Cellulosics Dyeing Edited by John Shore


Cellulosics Dyeing
Edited by John Shore

Cellulosics Dyeing


Contributors viii
Preface ix
CHAPTER 1 Cellulose: structure, properties and behaviour in the dyeing process
by Thomas P Nevell 1
1.1 Introduction 1
1.2 Cellulosic textile fibres 1
1.3 Molecular structure 14
1.4 Supramolecular structure 16
1.5 Degradation of cellulose 26
1.6 Derivatives 41
1.7 Affinity for water and organic liquids 48
1.8 Solvents for cellulose 52
1.9 Swelling 57
1.10 Structure of cotton in relation to dyeing 65
1.11 Structure of regenerated cellulosic fibres in relation to dyeing 70
1.12 References 73
CHAPTER 2 Preparation by William S Hickman 81
2.1 Introduction 81
2.2 Impurities present in cellulosic fibres 82
2.3 Chemicals for preparation 83
2.4 Water 90
2.5 Preparation machinery 91
2.6 Cotton preparation 106
2.7 Bleaching 117
2.8 Preparation of regenerated cellulosic fibres 136
2.9 Preparation of bast fibres 138
2.10 Monitoring the process liquors 140
2.11 Monitoring the results 142
2.12 Final comments 148
2.13 References 149
CHAPTER 3 Dyeing with direct dyes by John Shore 152
3.1 Introduction 152
3.2 Structure and properties of direct dyes for cellulose 153
3.3 Dye structure and dyeability of cellulosic fibres 162
3.4 Application properties of direct dyes 171
3.5 Batchwise application of direct dyes to cellulosic textiles 175
3.6 Semi- and fully continuous dyeing processes for direct dyes 177
3.7 Aftertreatment processes for direct dyeings 177
3.8 Significance of finishing for direct dyes on cellulosic fabrics 182
3.9 References 186
CHAPTER 4 Dyeing with reactive dyes by John Shore 189
4.1 Introduction 189
4.2 Historical background 190
4.3 Reactive systems 192
4.4 Structure and properties 209
4.5 Batchwise application 214
4.6 Semi- and fully continuous application 225
4.7 Washing-off and aftertreatment 232
4.8 Stability of dye–fibre bonds 237
4.9 Reactive dyeing residues in waste liquors 241
4.10 References 242
CHAPTER 5 Dyeing with vat dyes
by Francis R Latham 246
5.1 Introduction 246
5.2 Fundamental principles 247
5.3 Fundamental processes of vat dyeing 263
5.4 Dyeing methods 267
5.5 References 278
CHAPTER 6 Dyeing with sulphur dyes
by Colin Senior 280
6.1 Commercial position 280
6.2 Constitution of sulphur dyes 281
6.3 Classification and commercial forms 282
6.4 Auxiliaries 285
6.5 Application methods 294
6.6 Effluent treatment 311
6.7 Fastness performance 313
6.8 Common faults 316
6.9 References 319
CHAPTER 7 Dyeing with azoic components
by John Shore 321
7.1 Introduction 321
7.2 Chemical constitution and hues obtainable 322
7.3 Treatment with naphthols 326
7.4 Intermediate treatments 331
7.5 Development 333
7.6 Aftertreatment 340
7.7 Dyeing of mercerised cotton and other cellulosic fibres 342
7.8 Equipment for azoic dyeing 344
7.9 Fastness of azoic dyeings 349
7.10 Stripping of azoic dyeings 350
7.11 References 350
CHAPTER 8 Selection of dyes for dyeing cellulosic fibres
by John Shore 352
8.1 Introduction 352
8.2 Principles of evaluation and testing of dyes 356
8.3 Influence of colour and dyeing properties on selection between dye classes 360
8.4 Selection between dye classes according to substrate and fastness requirements 376
8.5 Factors governing choice between sub-classes within the major dye classes 388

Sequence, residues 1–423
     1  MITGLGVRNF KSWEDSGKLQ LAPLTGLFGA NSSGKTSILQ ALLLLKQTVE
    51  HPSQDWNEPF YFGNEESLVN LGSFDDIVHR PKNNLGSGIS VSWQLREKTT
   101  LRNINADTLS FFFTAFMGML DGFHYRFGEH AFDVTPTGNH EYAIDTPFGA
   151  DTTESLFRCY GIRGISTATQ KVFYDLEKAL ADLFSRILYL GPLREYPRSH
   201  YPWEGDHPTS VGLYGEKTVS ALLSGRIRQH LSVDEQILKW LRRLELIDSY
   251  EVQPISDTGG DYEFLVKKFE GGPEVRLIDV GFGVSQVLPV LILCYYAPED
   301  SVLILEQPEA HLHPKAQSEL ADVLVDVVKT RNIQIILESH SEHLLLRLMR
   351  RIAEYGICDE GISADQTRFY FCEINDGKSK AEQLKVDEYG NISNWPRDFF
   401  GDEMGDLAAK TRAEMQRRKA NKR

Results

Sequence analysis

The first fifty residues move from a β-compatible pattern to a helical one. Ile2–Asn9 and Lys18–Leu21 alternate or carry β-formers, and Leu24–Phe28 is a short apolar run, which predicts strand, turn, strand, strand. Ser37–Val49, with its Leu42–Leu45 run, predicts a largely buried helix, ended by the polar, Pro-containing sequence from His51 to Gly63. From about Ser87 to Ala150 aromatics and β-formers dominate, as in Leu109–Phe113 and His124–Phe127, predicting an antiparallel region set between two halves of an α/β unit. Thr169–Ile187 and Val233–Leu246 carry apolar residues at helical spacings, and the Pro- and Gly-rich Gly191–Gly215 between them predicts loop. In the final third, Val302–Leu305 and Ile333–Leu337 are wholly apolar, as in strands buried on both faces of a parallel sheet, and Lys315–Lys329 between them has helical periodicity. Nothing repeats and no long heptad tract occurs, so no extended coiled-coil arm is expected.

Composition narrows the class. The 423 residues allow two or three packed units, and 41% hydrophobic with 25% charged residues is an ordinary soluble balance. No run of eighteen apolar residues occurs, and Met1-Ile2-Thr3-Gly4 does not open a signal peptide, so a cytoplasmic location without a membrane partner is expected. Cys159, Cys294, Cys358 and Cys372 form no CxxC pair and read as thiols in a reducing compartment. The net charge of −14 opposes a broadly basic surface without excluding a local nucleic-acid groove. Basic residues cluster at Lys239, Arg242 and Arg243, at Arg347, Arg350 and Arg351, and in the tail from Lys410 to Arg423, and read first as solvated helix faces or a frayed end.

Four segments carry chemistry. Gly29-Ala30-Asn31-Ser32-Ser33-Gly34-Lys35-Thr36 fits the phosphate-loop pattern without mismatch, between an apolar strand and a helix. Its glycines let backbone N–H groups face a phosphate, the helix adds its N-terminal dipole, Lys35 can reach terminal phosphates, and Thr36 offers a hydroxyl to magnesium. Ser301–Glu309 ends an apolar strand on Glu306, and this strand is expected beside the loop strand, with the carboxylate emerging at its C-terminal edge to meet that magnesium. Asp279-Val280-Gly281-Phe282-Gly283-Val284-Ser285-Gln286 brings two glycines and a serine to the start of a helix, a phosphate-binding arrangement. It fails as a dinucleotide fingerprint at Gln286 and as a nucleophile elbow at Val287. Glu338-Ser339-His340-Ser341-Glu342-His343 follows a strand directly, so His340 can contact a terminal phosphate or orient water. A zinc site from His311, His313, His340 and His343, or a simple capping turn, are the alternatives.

8.6 References 395

This book is another in the series on colour and coloration technology initiated by the Textbooks Committee of the Society of Dyers and Colourists under the aegis of the Dyers’ Company Publications Trust Management Committee, which administers the trust fund generously provided by the Worshipful Company of Dyers.

It has been written to replace the previous work in this series entitled The dyeing of cellulosic fibres, which is now out of print. Assembled mainly about fifteen years ago under the editorship of Cliff Preston and eventually published in 1986, that multi-author book had become somewhat outdated. Rather than prepare a formal second edition, Textbooks Committee decided to go for a modified approach. A smaller team of authors was appointed with a view to completing the update more quickly and achieving a more coherent presentation of the contents.

To take due account of technological changes in the dyeing of cellulosic materials over recent years, at least half of the book has been completely rewritten and the remaining less active topics have been updated and rearranged considerably. Much new illustrative material has been added and the presentation of those illustrations retained from the 1986 book has been much improved. Discussion of the preparation and dyeing of cellulosic blend materials has been deliberately omitted, in view of the decision by Textbooks Committee to produce a separate publication on the dyeing of fibre blends. This present work has been completely re-indexed and the lists of references at the end of each chapter have been revised, extended and updated throughout.

In many of the areas covered, of course, we have retained material or ideas originated by our fellow authors of the chapters in the 1986 book and we should like to record our sincere thanks to them for helping us in this way to build on their contributions. These individuals are: Ulrich Baumgarte, David Clarke, Ken Dickinson, Maurice Fox, Hans Herzog, Ian Holme, Bernard Kramrisch, Bill Marshall and Harry Sumner.

The authors and editor of this book are indebted to our referees for valuable comments and suggestions for improvement. Our grateful thanks are due to Paul Dinsdale (the editor of the Society), Ros Amery (copy editing and proof reading), Carol Davies (artwork and layout) and Sue Bailey (typing). We are particularly impressed by the quality of the illustrations, which are a notable improvement on those in the 1986 book on this subject.


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